How to Save Money When You’re Forgetful
Today we’ve got an awesome post from my friend Mrs. Picky Pincher from pickypinchers.com! Like all of us, she can be forgetful, and it costs us precious $ money $ every single day! Enjoy ~Staci
I can be a Forgetful Francine. Most days I’m on top of stuff, but others I’m a total space cadet. But as Mr. Picky Pincher and I started our frugal journey, we realized that it’s so important to be on top of your game to get out of debt.
But guess what? We’re human. We make mistakes. And sometimes these mistakes can be costly. You eat out for lunch because you forgot to pack one. You pay a late fee on your bills because you forgot what day they were due. You buy a latte at Starbucks because you forgot to brew a coffee. These little things can add up. It’s important to fight these forgetful ways to take charge of your life and money.
Money-Saving Ideas for the Forgetful
What’s a frugal, forgetful person to do? There are a lot of tactics you can implement to save money on little, everyday expenses.
1. Set an alarm.
I recently had to pay a whopping $10 library fine for forgetting when our books were due! If you forget deadlines or little daily tasks, set an alarm on your phone.
Let’s say you want to eat more home-cooked meals for lunch. You can set an alarm on your phone the night before to cook dinner and set aside food for lunch. Boom, no more lunchtime drive-throughs!
Alarms are a great way to make sure you complete little tasks throughout the day to save money and your sanity.
2. Automate everything
I am a huge fan of automation. It’s the forgetful person’s best friend! Everything happens automatically with little work on your part—it’s like magic.
If automatic bill pay is available for your bills (and it should be for most things), take advantage of it. Payments will be automatically taken from your account, so you can rest easy that all bills are paid on time.
There are other ways to automate outside of your bank account.
To save money on energy, consider getting a smart thermostat like Nest. You can tell it your daily schedule and it will automatically adjust the temperature to save money. We’ve had one for a few months and absolutely love it!
The same can be done for making your morning cup of coffee. You can even get a programmable coffee machine to make your joe automatically—no remembering required, and a fresh cup of coffee is always waiting for you.
3. Get apps
When you’re a forgetful person like me, it’s hard to remember to monitor your budget and spending. That’s why budgeting apps are a great idea.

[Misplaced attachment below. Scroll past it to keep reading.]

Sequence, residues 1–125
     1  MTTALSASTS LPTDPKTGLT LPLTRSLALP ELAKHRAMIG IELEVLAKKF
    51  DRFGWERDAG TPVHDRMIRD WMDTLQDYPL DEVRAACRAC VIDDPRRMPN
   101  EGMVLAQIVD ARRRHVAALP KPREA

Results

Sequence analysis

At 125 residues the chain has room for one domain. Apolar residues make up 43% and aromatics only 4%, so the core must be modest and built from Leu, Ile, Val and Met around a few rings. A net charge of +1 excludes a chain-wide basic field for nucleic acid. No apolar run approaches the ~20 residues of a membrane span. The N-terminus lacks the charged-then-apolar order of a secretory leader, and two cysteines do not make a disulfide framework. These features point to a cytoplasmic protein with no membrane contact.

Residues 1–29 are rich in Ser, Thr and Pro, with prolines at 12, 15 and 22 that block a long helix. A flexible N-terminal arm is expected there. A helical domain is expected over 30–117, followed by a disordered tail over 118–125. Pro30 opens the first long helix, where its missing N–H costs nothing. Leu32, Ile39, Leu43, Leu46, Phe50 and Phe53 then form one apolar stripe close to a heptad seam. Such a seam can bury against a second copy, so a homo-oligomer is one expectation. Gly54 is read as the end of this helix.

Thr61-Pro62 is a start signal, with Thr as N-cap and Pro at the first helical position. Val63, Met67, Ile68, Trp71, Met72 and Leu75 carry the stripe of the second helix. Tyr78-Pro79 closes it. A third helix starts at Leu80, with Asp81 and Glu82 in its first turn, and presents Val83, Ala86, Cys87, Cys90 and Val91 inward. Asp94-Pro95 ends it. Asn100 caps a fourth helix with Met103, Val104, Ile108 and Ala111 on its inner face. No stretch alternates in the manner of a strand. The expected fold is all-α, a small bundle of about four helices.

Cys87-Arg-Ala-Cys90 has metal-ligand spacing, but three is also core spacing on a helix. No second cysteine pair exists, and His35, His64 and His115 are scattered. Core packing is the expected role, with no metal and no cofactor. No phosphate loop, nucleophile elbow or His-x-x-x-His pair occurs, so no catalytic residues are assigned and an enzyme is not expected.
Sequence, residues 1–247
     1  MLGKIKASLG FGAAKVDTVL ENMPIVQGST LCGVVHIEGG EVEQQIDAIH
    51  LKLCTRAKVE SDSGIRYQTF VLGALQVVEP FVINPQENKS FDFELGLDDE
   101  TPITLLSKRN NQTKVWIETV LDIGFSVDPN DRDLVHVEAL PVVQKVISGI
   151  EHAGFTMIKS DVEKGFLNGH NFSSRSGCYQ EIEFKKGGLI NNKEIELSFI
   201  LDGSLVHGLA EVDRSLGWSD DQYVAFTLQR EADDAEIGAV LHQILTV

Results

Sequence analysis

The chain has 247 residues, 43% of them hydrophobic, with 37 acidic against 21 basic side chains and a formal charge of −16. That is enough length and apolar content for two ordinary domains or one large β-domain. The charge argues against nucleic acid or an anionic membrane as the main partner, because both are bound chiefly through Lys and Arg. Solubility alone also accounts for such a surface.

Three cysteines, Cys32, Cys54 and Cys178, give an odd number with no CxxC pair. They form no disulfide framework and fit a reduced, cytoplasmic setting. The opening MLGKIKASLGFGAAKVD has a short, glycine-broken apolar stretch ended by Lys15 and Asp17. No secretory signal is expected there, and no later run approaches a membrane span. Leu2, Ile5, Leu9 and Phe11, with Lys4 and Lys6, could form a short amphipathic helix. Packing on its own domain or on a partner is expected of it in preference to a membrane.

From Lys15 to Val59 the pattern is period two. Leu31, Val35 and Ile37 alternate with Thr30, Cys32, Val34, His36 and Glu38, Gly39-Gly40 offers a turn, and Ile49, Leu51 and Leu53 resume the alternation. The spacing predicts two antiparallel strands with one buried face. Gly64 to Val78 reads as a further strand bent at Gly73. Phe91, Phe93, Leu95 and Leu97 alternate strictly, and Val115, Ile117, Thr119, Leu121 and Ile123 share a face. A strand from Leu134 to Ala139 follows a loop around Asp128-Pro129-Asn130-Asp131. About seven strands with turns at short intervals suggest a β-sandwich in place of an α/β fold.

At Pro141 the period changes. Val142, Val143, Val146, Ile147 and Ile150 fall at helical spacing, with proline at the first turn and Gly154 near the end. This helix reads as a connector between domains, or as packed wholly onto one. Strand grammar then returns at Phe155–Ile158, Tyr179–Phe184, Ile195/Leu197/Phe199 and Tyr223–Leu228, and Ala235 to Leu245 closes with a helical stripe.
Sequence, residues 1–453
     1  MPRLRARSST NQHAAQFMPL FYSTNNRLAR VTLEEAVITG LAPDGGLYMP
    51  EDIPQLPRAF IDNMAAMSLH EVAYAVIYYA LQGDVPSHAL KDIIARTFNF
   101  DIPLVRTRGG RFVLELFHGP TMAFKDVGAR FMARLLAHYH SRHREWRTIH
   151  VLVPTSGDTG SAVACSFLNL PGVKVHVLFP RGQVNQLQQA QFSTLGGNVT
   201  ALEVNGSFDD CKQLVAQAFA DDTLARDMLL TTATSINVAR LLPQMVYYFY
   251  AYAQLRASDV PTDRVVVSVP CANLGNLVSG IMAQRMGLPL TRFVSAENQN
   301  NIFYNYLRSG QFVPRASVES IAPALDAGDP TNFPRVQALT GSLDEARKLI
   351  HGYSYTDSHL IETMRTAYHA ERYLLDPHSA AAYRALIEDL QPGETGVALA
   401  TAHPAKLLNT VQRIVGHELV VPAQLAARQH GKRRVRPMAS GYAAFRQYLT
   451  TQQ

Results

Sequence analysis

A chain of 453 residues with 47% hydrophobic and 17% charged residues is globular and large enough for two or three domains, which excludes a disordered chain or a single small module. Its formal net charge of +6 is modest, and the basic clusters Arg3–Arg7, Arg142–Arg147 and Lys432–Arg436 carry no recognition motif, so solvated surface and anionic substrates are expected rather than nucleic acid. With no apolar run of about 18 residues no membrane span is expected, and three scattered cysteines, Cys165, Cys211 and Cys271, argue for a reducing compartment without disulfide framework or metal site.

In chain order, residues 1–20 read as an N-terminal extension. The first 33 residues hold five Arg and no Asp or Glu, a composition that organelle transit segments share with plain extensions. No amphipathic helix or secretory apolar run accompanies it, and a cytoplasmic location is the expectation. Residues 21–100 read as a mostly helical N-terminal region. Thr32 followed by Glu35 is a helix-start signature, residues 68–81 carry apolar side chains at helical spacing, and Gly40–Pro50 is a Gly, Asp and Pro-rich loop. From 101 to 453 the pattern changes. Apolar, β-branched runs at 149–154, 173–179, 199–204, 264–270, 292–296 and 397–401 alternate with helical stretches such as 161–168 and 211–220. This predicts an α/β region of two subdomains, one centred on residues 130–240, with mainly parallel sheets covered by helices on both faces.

There are sooooo many budgeting apps out there, but Mint is the one that I’ve liked the most. It can alert you when bills are due and alerts you of any unusual account activity. At the end of the month, you can see all of your expenses beautifully categorized in an easy-to-understand pie chart.
Not a fan of apps? Mr. Picky Pincher and I use a shared Excel sheet on Google Drive. Whatever works is what’s best for you. As long as you have a tool that keeps expenses on track.
4. Simplify your life
There have been times in my life when there was just too much stuff going on.
I’m a recovering perfectionist, and it was really hard to admit that I couldn’t do everything at once. I had to take a step back and choose the things that mattered the most to me.
Everyone’s situation is different, but getting rid of even one extraneous activity or detail to your day can make a huge difference. It’s easy to be forgetful when there’s just too much going on. But when your mind isn’t being pulled from different directions, you can focus on the tasks at hand with less distractions.
There are small changes you can implement to fight forgetfulness, whether that means signing up for a carpool for your kids, cooking dinner ahead of time, or turning off the TV.
5. Practice Mindfulness
If it’s not doable to streamline your life, you can still fight forgetfulness with mental toughness. Being mindful is all about going through life consciously.
I’m totally guilty of going through the motions just to get through the day. But this is when you’re more likely to forget things like paying bills on time or prepping for dinner.
Conscious living is being awake in a world that wants us to be asleep. It’s not an easy thing to do, but it can influence your happiness and finances.
I’ve started carving out 10 minutes each morning and evening for a guided meditation. I just search for new ones on YouTube, so it doesn’t cost a dime and there’s always something new. It’s a relaxing habit that centers me and lets me focus on the tasks at hand, one at a time. I’ve found that this is a great way to combat long term forgetfulness.
The Bottom Line
If you’re a forgetful person like me, it’s easy to get overwhelmed or upset when things don’t go your way—especially if they cost you money. Take control of your finances and fight forgetfulness with conscious living. It’s not the easy road, but it’s very doable and will save money in the long term.
Thanks so much Mrs. Picky Pincher! I’m going to work on Mindfulness today, that’s a tough one for me! ~Staci
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